MHM picks the five most efficient and deadly elite regiments from the distant past.
5. The Batavi
Allegiance: Roman Empire
4. The Janissaries
Allegiance: Ottoman Empire
The Janissaries were the personal bodyguard to the Sultan of the Ottoman Empire, a group of élite warriors active for over 500 years. Many of these fearsome soldiers were originally Christians, who had converted to Islam (they were often forced) a er being taken as slaves. They were, however, richly rewarded for their services financially and in terms of social standing. As a result many became fanatically devoted to the Sultan, their captor and master. The Janissaries were deadly archers who became expert gunmen when the first firearms were developed in the 14th century.
Resembling most special forces of today, ninja were every bit as skilled, silent, and deadly as popular culture has made them out to be. It was a ninja’s adaptability, though, that truly made him an amazing warrior. They trained with myriad weapons, were adept at stealth and sabotage, and would kill with savage efficiency. For centuries, when warring shoguns pitted armies of samurai against one another, the ninja too joined the fight, but rarely in pitched battles. Rather they would be used for special missions of espionage and assassination.
2. Shaolin Monks
The Shaolin Monastery dates back nearly 1,500 years, and its tradition of martial arts can be traced to accounts of combat against marauding bandits in the year 610 BC. Trained never to use unnecessary force, the Shaolin Monks nonetheless found themselves battling everyone from roving thieves to corrupt emperors and Japanese pirates. During the short period of the Sui dynasty (AD 581-618), the building blocks of Shaolin Kung Fu took an official form, and Shaolin monks began to create martial-art systems of their own.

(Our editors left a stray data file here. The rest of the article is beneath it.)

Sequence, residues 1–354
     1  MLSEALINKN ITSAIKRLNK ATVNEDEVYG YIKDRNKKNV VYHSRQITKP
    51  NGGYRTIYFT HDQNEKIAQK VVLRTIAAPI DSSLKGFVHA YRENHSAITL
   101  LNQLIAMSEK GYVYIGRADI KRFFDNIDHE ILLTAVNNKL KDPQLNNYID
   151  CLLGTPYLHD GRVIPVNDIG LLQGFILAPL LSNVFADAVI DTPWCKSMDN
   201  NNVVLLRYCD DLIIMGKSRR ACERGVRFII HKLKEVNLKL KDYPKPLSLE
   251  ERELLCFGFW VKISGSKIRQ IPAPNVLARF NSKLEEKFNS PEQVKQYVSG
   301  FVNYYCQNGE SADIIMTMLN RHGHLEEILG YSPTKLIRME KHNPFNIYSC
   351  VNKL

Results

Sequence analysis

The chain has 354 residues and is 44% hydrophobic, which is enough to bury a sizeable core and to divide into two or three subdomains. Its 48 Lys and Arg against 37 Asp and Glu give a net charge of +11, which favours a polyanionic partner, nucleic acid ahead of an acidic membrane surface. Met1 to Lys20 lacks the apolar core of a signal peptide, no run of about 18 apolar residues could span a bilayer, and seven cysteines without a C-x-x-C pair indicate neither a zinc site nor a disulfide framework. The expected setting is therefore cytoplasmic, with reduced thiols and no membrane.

1. Sacred Band of Thebes
This troop of crack soldiers consisted of 150 pairs of male lovers. They served from the year 378 BC until the unit was entirely wiped out by a Macedonian army 40 years later. According to Plutarch, the ‘Sacred’ of the unit’s name
comes from an exchange of sacred vows made between lover and beloved at the shrine of Iolaus at Thebes. The Sacred Band’s skill came from constant training in armed combat, wrestling, and horsemanship.
This article appeared in issue 49 of Military History Monthly.